The Austrian physicist and philosopher Erwin Schrodinger, in a famous thought experiment, asked us to imagine a closed box containing a cat and a timed device. The device may go off sometime between now and six hours from now, when we will open the box. When it goes off it will kill the cat. Whether it has gone off can't be determined without opening the box. Schrodinger asked whether, in that six-hour period, the question "Is the cat alive or dead?" has any meaning. In his view, which he likened to quantum states of particles, until the box is opened Schrodinger's cat is both alive and dead: in physical language the cat's two possible states exist in superposition until the box is opened.
In June, afte the Washington legislature rejected a measure to fund $450 million of the Columbia River Crossing, Governors Kitzhaber of Oregon and Inslee of Washington declared the CRC dead. Dead it may have been declared, but pieces kept on twitching, to the point that three weeks later Willamette Week called the CRC a Zombridge, as the CRC team continued to work on getting the DEQ to approve pier work in the river, and the Coast Guard continued its review of the CRC team's application for a permit to obstruct the river. Since then it's been announced that the two states' departments of transportation have agreed to pay off two businesses that the bridge would hurt, and the Oregon Department of Transportation has agreed to pay off a third business in the same situation. Governor Kitzhaber has made noises about calling the Oregon legislature into special session on September 30, ostensibly to deal with PERS, but the behind-the-scenes talk is that he will also ask the legislature to fund the CRC whether or not Washington chips in. And yesterday evening, the C-TRAN board (Clark County's trasportation district) voted to get back into the CRC planning process.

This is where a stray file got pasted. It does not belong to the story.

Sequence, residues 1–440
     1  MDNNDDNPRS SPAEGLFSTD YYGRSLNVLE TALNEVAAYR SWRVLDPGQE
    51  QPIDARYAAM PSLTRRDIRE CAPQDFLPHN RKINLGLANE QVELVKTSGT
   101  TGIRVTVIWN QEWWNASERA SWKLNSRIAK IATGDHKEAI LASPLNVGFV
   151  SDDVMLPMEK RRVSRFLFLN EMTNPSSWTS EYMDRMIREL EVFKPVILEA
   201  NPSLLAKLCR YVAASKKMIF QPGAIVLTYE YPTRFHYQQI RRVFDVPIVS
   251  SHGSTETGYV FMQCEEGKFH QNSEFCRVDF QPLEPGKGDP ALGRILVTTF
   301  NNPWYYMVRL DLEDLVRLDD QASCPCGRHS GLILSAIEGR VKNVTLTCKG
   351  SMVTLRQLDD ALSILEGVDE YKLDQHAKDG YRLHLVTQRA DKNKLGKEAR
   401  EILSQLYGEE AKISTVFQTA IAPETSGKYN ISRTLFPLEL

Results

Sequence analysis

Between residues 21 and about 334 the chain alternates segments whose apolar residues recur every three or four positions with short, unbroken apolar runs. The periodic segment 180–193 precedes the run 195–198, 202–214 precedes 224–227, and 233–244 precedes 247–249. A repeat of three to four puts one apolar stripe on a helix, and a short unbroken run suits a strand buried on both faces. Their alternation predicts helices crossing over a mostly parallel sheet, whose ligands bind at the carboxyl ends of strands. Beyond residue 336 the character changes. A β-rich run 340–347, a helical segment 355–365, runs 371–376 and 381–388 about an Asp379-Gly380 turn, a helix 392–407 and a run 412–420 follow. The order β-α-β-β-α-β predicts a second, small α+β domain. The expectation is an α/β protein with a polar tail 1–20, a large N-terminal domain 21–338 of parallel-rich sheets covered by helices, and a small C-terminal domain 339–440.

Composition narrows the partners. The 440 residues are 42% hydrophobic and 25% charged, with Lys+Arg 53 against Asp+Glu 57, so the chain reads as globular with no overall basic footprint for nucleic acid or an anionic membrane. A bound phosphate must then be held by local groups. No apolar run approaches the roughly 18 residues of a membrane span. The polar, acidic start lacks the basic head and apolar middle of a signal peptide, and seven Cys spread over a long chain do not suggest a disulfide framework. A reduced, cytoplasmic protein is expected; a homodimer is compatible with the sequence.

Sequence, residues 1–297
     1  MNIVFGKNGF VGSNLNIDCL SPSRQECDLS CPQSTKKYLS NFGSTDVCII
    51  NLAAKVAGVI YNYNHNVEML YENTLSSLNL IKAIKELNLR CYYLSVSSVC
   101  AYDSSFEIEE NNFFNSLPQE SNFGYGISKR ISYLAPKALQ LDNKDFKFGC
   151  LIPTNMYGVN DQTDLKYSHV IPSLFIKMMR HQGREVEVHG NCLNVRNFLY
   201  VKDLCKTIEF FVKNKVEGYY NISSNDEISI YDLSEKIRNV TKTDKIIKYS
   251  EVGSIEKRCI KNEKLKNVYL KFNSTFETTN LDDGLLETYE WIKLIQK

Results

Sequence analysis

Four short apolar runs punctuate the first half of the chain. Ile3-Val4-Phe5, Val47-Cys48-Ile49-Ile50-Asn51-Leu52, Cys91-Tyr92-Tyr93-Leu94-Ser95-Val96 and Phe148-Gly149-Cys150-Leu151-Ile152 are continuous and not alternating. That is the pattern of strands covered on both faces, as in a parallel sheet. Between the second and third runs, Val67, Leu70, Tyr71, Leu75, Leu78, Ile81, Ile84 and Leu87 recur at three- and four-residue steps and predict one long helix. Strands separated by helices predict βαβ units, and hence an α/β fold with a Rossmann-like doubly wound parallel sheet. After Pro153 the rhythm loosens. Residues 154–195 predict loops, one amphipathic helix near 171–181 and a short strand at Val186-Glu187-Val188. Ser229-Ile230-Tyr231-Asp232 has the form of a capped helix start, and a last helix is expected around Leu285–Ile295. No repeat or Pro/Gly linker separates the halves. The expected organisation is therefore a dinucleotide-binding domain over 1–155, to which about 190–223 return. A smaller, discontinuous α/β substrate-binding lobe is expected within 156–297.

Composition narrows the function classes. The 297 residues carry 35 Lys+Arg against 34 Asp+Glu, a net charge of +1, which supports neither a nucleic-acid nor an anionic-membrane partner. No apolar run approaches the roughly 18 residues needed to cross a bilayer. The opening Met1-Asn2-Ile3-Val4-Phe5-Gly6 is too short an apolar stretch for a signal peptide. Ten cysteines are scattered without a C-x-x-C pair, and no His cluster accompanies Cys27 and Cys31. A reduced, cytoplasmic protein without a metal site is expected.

So: is the Columbia River Crossing alive or dead? Or is it, like Schrodinger's cat, alive and dead at the same time? We'll open the box on September 30 and find out.
Identity crises abound this month. Paul Allen has sold the naming rights to the Rose Garden arena to the insurance company formerly named ODS Health Plans, itself struggling to reestablish its identity after changing its name to Moda earlier this year. This has sparked a protest movement, "Rose Garden Forever," wanting Mr. Allen's enterprise to turn down the $40 million and leave the name unchanged, or at least leave "Rose Garden" in the name somewhere.
It wasn't that long ago -- only in 1995, in fact, a Laquedemian blink of an eye -- that Mr. Allen ignited protests when he announced that he would name his new arena the Rose Garden, muscling over the famous Rose Garden in Washington Park. "How can he take this historic Portland name for himself?" Portlanders complained back then. Ah, well, we've got over it, and have accepted "Rose Garden" for its reference to our city's nickname, the City of Roses.
The hidden joke is not in the Rose Garden's name, but in the history of Moda's name. Before it called itself ODS, it was Oregon Dental Systems, a name it abbreviated to ODS as it moved into the broader field of medical insurance. Having now disposed of the last remnant of "Oregon" in its own name, to advertise that quirky fact to its Oregon customers, it's paying to remove the Portland reference from the Rose Garden too.